Now that our baby is over 14 pounds and has excellent neck strength, we placed her into the Ergobaby carrier front-facing for the very first time today. “Front facing” in a baby carrier or stroller is also called “world facing.” While world facing, she gets to observe everything around her and make some sense of the world. As expected, she was extremely curious, constantly moving her head back and forth to take everything in.
Reaching six months is a big milestone. She’s strong on her tummy and with her neck. She’s pushing up on her hands and arms, constantly pivoting and getting stronger. She’s rolling over endlessly in the last few days. She’s world facing in her carrier, and we’ve already stopped using the bassinet attachment on her stroller. This weekend, we’re planning to build her crib so she can stop sleeping in the bassinet that she’s quickly growing out of. With rolling, it’s no longer safe to swaddle her, as well, so swaddling, even if just her legs as we’ve been doing since March, is now coming to an end. And tomorrow, I’m planning to feed her the first solid food she’ll ever have. It’s a lot of big changes all at once, which makes me a little emotional to think she’s growing so quickly, perhaps too quickly, but it makes me feel even more strongly about wanting to be there with her for all these amazing moments to watch her grow and develop into an independent human. Her crib is too big to have in our bedroom even temporarily, so she’ll soon be sleeping in a separate room from us. That makes me sad and a little nervous, but gradually, we just have to let these things go to allow our babies to grow and flourish on their own.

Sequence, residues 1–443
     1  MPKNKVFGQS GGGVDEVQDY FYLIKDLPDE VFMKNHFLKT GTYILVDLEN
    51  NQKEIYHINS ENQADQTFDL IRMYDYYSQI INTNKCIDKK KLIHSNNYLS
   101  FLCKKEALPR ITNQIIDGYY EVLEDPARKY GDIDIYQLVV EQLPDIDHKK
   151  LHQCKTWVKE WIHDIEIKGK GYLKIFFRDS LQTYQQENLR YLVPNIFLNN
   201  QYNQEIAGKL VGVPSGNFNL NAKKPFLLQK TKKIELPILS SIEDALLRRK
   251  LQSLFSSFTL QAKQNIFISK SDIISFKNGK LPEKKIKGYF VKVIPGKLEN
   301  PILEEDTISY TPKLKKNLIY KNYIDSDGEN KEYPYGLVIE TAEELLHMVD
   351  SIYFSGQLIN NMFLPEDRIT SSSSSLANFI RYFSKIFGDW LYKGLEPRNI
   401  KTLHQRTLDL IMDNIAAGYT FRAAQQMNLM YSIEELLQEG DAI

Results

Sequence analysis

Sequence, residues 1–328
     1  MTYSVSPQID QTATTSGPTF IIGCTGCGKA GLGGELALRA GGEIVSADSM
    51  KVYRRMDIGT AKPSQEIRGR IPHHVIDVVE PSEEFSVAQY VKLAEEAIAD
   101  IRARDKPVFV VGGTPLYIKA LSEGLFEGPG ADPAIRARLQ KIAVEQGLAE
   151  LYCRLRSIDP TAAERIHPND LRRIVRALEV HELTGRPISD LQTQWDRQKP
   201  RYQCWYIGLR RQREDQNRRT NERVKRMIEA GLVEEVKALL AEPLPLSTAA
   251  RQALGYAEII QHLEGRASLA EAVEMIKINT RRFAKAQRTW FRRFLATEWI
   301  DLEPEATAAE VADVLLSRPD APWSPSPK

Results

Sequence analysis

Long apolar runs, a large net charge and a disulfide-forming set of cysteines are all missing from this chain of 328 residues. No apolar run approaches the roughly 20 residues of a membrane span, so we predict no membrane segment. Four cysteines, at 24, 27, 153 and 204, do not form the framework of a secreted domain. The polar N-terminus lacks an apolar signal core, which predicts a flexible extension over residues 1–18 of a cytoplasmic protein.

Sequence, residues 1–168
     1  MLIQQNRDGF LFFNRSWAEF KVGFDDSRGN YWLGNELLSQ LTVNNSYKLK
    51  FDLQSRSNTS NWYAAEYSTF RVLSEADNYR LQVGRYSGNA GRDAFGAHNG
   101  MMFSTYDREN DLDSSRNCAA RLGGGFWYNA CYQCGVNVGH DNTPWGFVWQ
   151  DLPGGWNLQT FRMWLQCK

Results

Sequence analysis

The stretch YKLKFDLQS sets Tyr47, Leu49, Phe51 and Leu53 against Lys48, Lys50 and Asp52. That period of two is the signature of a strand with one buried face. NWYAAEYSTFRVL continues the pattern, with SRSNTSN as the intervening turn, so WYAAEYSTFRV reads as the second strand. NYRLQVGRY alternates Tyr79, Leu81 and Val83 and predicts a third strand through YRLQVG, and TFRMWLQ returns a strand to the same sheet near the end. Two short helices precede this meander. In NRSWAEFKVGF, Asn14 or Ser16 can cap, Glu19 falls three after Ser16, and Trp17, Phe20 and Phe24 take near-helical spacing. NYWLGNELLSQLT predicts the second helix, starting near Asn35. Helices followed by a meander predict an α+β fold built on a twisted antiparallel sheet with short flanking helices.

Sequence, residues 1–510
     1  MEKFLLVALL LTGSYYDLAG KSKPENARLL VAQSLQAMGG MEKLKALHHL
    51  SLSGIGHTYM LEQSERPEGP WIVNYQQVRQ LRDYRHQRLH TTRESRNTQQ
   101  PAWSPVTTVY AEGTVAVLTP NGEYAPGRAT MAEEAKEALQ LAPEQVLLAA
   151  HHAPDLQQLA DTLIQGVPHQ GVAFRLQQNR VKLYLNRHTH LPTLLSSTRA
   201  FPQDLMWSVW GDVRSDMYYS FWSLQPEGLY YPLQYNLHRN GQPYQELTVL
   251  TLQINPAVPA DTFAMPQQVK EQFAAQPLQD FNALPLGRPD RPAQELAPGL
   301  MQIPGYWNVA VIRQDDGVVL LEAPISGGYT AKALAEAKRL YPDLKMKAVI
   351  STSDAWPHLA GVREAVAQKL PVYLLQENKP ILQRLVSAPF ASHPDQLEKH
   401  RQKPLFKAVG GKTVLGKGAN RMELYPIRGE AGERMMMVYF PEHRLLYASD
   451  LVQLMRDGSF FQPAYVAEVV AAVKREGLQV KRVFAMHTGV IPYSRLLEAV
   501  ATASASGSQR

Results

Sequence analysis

And on top of all that, I promised myself that I’d wean off my fifth pump and go down to four pumps per day once she hit six months of age, so I’ve been gradually pushing my 3pm pump back this week so that I’d officially be down to four pumps by this Monday. Weaning from pumping, even though it’s gradual, also makes me a little sad, as crazy as that sounds given how all consuming and emotionally, mentally draining my pumping schedule was. One day in the near future, I’ll be completely weaned from breastfeeding, and that will have its own set of emotional ups and downs in itself. My body has been able to nourish her so well for this long. And soon, she won’t need my body to nourish her anymore. It is a very bittersweet thought. I feel proud of what I have been able to provide for her, but sad that it’s gradually ending. This is all part of life, I keep telling myself. I have to let her be free to grow and gradually become more and more independent. Chris makes fun of me and says I’d want her sleeping in my bed when she’s 21, but well, that’s just not the case. I genuinely don’t think dads can quite understand this journey because their bodies don’t create or carry or give birth to babies. Their bodies also aren’t capable of feeding babies. This is a uniquely female thing. And in my case, given all I went through with fertility treatments and the insanity and intensity of IVF, it makes all these milestones felt even more deeply; this easily could never have happened for me. And because of that, I am even more grateful for all these moments, all these milestones, knowing my baby is happy and healthy and developing well. These are the emotional attachments that mothers can have to their children. They were once a part of our body. Then, they weren’t. Then, they needed us for sustenance and food. And then, they suddenly don’t. It’s a very emotional journey, one that I would think most mothers hold close to their hearts.